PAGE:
Leveraging Digital Data Streams and AnalyticsBy Madeline Weiss | Posted 2012-12-18 Print
Learn how to harness real-time digital data streams to increase revenues and profits, gain operational efficiency and achieve competitive advantage.
The firm uses one or more digital data streams to provide additional or improved services to consumers. INRIX provides traffic predictions, and MyCityWay.com aggregates hundreds of datasets and DDS (originating from other entitles, such as government sources and the restaurant intermediary OpenTable) to provide consumers with a convenient menu of real-time services available nearby. Similarly, mytaxi.net provides its reservation and taxi services mainly by collecting the GPS coordinates of both taxis and customers through a mobile app.
JetBlue monitored Twitter streams that mentioned JetBlue during the 2010 holiday season when "Snowpocalypse" hit New York. Axel Murillo was trying to get to Austin and couldn't get through to JetBlue phone lines due to the heavy phone traffic. He tweeted about it, mostly to complain about his bad luck. On Twitter, a Jet Blue representative asked him to direct message his confirmation number. Eighteen minutes later, the agent replied via direct mail that he had been rebooked.
When that flight was cancelled the next day, Murillo went straight to Twitter and received a similar response from another representative. It happened a third time, with the same result. A few days after Murillo's return to New York, he received the following email from a Jet Blue officer: "As a token of our appreciation for your patience during last week's snowstorm when we cancelled your flight, please accept 10,000 TrueBlue points, which you can apply toward future travel to any JetBlue destination."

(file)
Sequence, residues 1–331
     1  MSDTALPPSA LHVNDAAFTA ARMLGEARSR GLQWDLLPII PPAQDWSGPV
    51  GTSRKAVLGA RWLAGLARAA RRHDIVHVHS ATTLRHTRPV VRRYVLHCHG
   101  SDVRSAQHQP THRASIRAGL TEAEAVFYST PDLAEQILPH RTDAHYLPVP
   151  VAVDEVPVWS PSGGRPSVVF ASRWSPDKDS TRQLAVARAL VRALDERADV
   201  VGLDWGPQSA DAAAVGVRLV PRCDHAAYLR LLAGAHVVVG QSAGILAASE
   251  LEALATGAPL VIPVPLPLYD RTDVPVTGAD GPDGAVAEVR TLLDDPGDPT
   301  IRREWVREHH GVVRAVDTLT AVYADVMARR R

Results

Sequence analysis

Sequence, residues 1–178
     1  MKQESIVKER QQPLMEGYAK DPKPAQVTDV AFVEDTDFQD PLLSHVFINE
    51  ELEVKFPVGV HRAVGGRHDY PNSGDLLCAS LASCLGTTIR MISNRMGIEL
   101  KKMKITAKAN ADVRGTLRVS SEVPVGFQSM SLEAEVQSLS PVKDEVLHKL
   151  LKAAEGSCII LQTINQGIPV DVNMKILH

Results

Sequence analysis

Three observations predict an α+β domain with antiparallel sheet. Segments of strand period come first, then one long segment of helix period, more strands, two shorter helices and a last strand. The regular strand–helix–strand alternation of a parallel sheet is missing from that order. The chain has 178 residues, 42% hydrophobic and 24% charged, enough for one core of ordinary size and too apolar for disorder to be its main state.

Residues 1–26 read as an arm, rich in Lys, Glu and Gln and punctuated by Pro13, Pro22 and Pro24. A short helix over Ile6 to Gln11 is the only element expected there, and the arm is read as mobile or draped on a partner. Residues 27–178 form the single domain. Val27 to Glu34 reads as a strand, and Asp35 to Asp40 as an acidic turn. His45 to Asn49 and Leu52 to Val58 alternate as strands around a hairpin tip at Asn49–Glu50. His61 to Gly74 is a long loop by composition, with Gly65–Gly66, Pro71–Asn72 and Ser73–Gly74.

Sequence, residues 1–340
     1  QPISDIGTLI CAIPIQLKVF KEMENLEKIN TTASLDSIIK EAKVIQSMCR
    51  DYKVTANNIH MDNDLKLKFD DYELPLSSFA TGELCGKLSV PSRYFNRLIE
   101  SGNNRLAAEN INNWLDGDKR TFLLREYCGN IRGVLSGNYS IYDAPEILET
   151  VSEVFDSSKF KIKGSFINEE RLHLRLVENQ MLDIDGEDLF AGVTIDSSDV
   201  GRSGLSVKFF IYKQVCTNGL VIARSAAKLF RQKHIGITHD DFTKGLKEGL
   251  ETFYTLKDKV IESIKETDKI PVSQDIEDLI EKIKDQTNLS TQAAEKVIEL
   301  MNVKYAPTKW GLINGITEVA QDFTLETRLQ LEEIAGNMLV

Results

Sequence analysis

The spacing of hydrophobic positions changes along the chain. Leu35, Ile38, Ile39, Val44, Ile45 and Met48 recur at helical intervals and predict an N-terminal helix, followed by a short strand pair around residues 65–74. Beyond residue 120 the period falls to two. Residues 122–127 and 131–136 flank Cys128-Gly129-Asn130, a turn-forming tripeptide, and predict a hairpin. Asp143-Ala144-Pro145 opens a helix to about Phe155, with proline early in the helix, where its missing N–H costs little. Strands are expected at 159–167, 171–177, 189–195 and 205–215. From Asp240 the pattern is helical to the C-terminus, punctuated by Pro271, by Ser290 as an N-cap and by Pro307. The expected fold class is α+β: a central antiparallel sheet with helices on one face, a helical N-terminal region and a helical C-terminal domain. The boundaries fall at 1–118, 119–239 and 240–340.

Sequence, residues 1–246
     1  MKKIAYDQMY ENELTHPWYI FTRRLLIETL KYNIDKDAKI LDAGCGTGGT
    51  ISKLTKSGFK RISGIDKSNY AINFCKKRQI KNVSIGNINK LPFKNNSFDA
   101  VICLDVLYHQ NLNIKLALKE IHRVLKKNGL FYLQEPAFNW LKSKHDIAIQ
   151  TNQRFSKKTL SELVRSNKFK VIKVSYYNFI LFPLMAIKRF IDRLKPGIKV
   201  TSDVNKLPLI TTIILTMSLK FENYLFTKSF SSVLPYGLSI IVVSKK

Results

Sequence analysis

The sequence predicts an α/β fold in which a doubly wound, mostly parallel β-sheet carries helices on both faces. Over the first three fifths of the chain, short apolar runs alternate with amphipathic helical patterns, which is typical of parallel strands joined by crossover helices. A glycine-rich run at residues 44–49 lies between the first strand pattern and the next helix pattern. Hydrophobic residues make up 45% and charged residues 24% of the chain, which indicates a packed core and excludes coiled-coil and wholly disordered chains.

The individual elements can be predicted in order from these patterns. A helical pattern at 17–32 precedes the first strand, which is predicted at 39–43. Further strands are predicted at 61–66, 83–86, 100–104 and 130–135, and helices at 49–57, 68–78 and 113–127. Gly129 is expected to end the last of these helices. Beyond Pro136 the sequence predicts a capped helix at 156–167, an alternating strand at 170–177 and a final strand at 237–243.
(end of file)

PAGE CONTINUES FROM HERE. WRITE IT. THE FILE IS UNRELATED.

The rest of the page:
Digital data streams are used to optimize internal operations or track business performance. One example is ruter.no, which was developed for Oslo, Norway, to gather real-time information on the overall state of the city's public transportation system, while also providing a convenient source of public transport information.
The transit authority also uses this traffic information to optimize the traffic signal priority system, thereby improving travel times, reducing the number of vehicles and lowering the costs of transportation. The company estimates that the average driving time of buses on some of the heaviest bus lines was reduced by up to 20 percent.
The firm uses DDS to develop superior insight or knowledge in order to enable better decision making. Predictive analytics is at the heart of INRIX's offering.
Mint.com, now owned by Intuit, provides its seven million customers with convenient visual tools to examine the status of their expenses and investments. The data comes from customers' bank, credit and investment accounts. Mint.com also offers recommendations for meeting financial goals, such as cutting down on rent, gas, clothes and latte expenses.
Based on Piccoli's and Pigni's broad survey of CIOs, they concluded that opportunities to exploit DDS are large and mostly untapped. Currently used for monitoring the business, DDS and predictive analytics also have the potential to transform customer service.
The greatest challenges in reaping such benefits are integrating DDS, recruiting staff with skills in data science and analytics, and working across organizational silos to change the way people think and behave.
Madeline Weiss is the director of the Advanced Practices Council at the Society for Information Management (www.simnet.org/).
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